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Scottish Family History - Orchil Castle

The original house at Orchil was built in the early 18th century for the Graham family and is traditional harled laird's house with a gothic tower and great hall. In 1815 the famous architect James Gillespie married Margaret Graham of Orchill, a member of the cadet branch of the family of the Dukes of Montrose, and he adopted her family name. James Gillespie Graham inherited the Orchill estate in 1834 and expanded the house and designed the North Lodge and the cottage opposite it.


The estate was bought by Thomas Greig in 1865 but then sold again at auction in 1867. It was bought by Rev John McDougall of Dundee and his wife Margaret Wright McDougall for £34,000. They immediately set about building a new house at Orchil - the present Orchil Castle. They commissioned the well-known architect Andrew Heiton and it is considered his most ambitious and successful country house. The estate was sold on their deaths to Sir Samuel Smith, an MP and cotton broker from Liverpool but native of Kircudbrightshire. Samuel Smith bought the estate to benefit his wife's health but she died of Bright's disease in 1892 and their only son died suddenly of typhoid in 1898. Smith wrote his autobiography at Orchil and talks about being here as the happiest times of his life (obviously prior to the tragic loss of his family).
When he died The Rev Thomas Crawford bought the estate in 1907 (for £28,000) but in 1913 a beam in the house caught fire - the fire engines came from Perth but they forgot their hoses so the house was gutted. The Crawfords rebuilt the interior including adding the stained glass windows in the hall which have the initials TC (Thomas Crawford) and his wife EJC (Elizabeth Jane Crawford) as part of the design.

Orchil was sold again in 1927 to the Dawson family who lived here until 1947. The then Duke of Kent was a frequent visitor to the house. In 1947 the estate was sold to a member of the Drummond Moray family, who had extensive estates in Perthshire. Maj Andrew and Mrs Norah Drummond Moray were returning to their roots in Scotland from London, where he was a stockbroker. The estate was heavily mortgaged and resold in lots between 1949 and 1953 - Orchil Castle is described in the sale particulars as 'the finest country house in Scotland'.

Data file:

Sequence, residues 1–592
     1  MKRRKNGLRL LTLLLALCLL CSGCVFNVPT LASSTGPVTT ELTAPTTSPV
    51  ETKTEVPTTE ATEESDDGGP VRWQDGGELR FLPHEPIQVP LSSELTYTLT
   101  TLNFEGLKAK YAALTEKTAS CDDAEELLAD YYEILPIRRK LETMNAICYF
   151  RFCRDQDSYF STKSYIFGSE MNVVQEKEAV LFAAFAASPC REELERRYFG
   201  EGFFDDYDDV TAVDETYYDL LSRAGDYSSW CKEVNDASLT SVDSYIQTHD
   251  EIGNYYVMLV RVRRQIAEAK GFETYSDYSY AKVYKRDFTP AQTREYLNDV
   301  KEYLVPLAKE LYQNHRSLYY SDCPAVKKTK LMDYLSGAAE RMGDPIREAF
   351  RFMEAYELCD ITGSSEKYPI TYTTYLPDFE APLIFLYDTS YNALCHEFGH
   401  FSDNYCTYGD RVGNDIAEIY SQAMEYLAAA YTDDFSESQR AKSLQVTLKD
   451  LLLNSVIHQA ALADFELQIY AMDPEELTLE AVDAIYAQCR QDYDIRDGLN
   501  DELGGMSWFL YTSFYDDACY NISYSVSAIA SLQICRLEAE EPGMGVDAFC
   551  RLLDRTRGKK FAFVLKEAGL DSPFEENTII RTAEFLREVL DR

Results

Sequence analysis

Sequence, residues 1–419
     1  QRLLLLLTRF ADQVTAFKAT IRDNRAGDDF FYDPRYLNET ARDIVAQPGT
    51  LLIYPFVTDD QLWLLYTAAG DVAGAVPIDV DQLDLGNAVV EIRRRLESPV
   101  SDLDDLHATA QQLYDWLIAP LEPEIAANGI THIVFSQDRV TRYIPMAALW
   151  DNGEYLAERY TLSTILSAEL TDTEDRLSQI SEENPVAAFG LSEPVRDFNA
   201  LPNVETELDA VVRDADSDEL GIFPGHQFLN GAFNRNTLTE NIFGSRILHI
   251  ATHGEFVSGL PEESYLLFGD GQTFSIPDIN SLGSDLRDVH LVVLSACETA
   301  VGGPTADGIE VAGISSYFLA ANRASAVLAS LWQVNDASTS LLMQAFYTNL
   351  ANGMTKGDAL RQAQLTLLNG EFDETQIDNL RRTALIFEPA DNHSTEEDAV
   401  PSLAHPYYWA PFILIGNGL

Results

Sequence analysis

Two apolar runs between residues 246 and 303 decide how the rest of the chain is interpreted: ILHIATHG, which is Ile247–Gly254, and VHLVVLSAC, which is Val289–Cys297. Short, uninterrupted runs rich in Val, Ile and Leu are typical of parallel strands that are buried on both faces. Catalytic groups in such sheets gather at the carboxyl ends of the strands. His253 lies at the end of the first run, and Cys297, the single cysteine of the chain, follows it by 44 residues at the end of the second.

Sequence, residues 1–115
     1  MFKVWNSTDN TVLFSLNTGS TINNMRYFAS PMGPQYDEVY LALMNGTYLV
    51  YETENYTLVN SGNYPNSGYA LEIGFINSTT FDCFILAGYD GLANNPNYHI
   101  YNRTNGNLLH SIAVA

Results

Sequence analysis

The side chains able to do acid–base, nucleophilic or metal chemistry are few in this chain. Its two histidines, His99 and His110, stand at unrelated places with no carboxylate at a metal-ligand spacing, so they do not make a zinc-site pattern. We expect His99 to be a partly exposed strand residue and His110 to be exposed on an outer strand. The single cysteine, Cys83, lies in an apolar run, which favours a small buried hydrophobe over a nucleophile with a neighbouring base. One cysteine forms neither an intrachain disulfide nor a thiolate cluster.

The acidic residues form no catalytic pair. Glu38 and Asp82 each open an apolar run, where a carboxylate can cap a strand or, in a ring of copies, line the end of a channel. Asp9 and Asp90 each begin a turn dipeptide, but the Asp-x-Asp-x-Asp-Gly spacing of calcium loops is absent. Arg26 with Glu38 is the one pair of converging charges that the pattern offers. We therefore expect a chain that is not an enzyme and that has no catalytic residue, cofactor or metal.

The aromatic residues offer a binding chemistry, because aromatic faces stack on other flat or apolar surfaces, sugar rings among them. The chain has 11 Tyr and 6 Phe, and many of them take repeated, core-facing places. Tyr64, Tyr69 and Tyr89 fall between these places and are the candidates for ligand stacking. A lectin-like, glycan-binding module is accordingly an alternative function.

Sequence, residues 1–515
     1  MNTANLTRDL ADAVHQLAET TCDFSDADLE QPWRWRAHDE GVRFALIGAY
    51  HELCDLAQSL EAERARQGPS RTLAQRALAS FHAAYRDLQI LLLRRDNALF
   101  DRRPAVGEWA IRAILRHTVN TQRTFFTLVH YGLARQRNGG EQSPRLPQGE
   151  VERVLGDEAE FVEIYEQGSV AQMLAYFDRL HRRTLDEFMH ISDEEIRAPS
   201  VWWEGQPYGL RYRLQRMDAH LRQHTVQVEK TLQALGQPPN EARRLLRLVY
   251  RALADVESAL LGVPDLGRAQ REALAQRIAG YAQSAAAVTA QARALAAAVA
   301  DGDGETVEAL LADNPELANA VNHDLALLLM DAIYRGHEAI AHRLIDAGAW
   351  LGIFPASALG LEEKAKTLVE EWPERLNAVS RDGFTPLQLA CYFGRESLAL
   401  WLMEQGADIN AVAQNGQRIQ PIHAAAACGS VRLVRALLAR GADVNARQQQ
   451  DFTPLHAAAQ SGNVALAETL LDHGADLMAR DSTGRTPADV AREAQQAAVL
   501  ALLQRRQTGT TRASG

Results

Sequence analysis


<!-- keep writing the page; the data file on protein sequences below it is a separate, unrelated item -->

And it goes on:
From 1949 onwards the history of the house is a chequered one. It was used as a foster home for a few years. Then a farmer, Mr Fotheringham, bought the house to keep his chickens and pigs in whilst he lived in the former laundry (the cottage behind the house). The animals roamed around amongst marble fireplaces and fine carved oak panelling! In 1967, when Mr Fortheringham had finished with farming, the house caught fire but on this occasion the fire brigade arrived in time and only the central roof was lost. The house was sold to an organisation for drug rehabilitation and then to the Elim Pentecostal Church from America who wanted to make it their Scottish headquarters. They brought over hundreds of young workers from America each summer to try to restore the house but despite their best efforts they made little progress.

It was sold to a "developer" in 1993 who let it stand in its ruinous state. The house was then listed which gave it protection against demolition. We bought it in 1995 and have begun the long process of restoring this beautiful house to its former glory.

Orchil House was home to the Graham family, Greig family, McDougall family, Smith family, Crawford family, Dawson family, Drummond Moray family and the Fotheringham family. If you are researching your family tree and are interested any of these families we may be able to help. The Orchill estate was home of James Gillespie Graham, who married a relation of the Duke of Montrose.

There are many Perthshire family attractions which cater for all age groups.